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  1. Middle English grammatical system

The Noun In the Southern dialect distinction between genders and between strong and weak declensions was to some extent preserved, but differences between various types of strong declension disappeared. Later, distinction of genders was weakened and lost. In the Northern and the Midland dialects distinctions between different stems of strong declension and between strong and weak declension, and those between genders disappeared. The genitive singular ending –es of the ston type substantives (a-stem) spread to all nouns. The former Dative case merged with the Accusative which often had the same form as the Nominative even in Old English. Declension of some ME nouns Strong declension

Singular Plural

  • Nominative ston stones

  • Genitive stones stones

Weak declension

Singular Plural

  • Nominative name namen

  • Genitive name namen

Root-stem

Singular Plural

  • Nominative fot fet

  • Genitive fotes fetes

The Adjective

The adjective in Middle English lost the categories of gender and case. The distinction between numbers is observed only in the forms of strong declension (zero ending in the singular and ending – e in the plural (s.good – pl. goode); adjectives of weak declension had the ending –e in both numbers (s.goode - pl.goode).The degrees of comparison of adjectives are formed with the help of the suffixes –er, -est (hard- harder –hardest) or suppletively (good-bettre-best).

The Pronoun

Personal pronouns lost the dual number. The system of cases was also changed. The Genitive case turned into a separate subclass of pronouns – possessive pronouns. The Dative case merged with the Accusative. Together they formed the Objective case. Demonstrative Pronouns gradually lost the categories of gender and case and acquired the modern form (this – thes; that – thos). The category of number was preserved. Possessive Pronouns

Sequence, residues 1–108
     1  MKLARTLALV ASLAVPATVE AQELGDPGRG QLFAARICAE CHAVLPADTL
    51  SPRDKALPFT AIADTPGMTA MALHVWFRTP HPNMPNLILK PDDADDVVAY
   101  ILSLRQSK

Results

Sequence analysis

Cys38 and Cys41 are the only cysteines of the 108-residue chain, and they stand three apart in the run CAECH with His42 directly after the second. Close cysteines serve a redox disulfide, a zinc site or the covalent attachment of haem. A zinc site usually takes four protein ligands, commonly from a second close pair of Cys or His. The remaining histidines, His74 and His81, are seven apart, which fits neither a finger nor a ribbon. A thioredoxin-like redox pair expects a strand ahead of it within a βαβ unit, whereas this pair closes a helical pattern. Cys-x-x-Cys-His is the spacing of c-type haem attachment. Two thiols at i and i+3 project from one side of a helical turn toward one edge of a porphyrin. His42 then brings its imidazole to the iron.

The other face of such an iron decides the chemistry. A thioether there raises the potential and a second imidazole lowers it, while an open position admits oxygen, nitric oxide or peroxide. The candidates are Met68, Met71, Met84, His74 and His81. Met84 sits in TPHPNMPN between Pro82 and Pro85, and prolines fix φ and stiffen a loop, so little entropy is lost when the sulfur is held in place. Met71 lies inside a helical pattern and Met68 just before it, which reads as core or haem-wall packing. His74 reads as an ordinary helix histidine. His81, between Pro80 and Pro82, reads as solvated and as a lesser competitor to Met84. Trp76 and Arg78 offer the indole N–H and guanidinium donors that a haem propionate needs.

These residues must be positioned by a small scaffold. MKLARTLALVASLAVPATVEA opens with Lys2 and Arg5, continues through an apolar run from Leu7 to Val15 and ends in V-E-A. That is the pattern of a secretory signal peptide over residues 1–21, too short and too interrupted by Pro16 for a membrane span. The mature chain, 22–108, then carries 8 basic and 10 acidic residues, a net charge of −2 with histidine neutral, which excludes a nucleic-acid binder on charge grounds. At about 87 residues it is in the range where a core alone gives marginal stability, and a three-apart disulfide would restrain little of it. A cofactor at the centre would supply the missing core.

Singular Plural

  • Min,myn, my our

  • Thin, thyn/thy your

  • Hir/her,his hire/their

All the other pronouns in Middle English lost the categories of gender and case, some lost their number. They simplified their paradigm according to the changes in the system of the noun.

The Verb

The Old English division of verbs into strong, weak and preterite-present was preserved in Middle English but many of the strong verbs either disappeared or turned weak.

ME weak verbs All Middle English weak verbs had the ending –en in the infinitive and the suffix –ed in the past tense. So, the way of formation of regular verbs took its shape in Middle English. The number of weak verbs grows significantly in Middle English, because practically all borrowings and new verbs derived from other parts of speech become weak. The changes in the weak verbs were mainly phonetical. Some of them lost the sound –i- in the suffix of the infinitive (lufian – louen).

Class II lost its specific –ode ending due to the levelling of endings and turned into –ed. Class III retained only the verbs se33en, libben, habben – seien, liven, haven.

The system of conjugation was simplified. In the Northern and the Southern dialects verbs took the ending –es in the third person singular. Later this ending spread to other dialects and became the only person ending which survived.

The most characteristic feature of the development of the verb in Milddle English is the development of the analytical forms which goes together with the formation of the system of tenses.

Tense forms which appeared in Middle English

  • Shal + infinitive – Future

  • Haven + Participle II – Perfect forms

  • Ben + Participle I – Continuous forms (at the end of the period)

  • Ben + Participle II – Passive Voice (a new category in Middle English!)

Future Tenses – developed from the analytical formation shal + Infinitive (3)

Perfect Tenses – developed from the analytical formation haven + Participle II (1) (ben + Participle II for the verbs of motion)

Continuous Tenses appeared at the end of the period. They developed from the analytical formation ben + Participle I

A new category appeared in Middle English. It was the category of the voice. The forms of the Passive Voice developed from the analytical formation ben + Participle II (2).

As for the other categories of the verbs, the changes were such:

The category of aspect lost its importance and gradually disappeared. 3e before Participle II was changed into y.

The category of mood was preserved.

The categories of person and number remained, but the system of conjugation was simplified, as it has already been mentioned.

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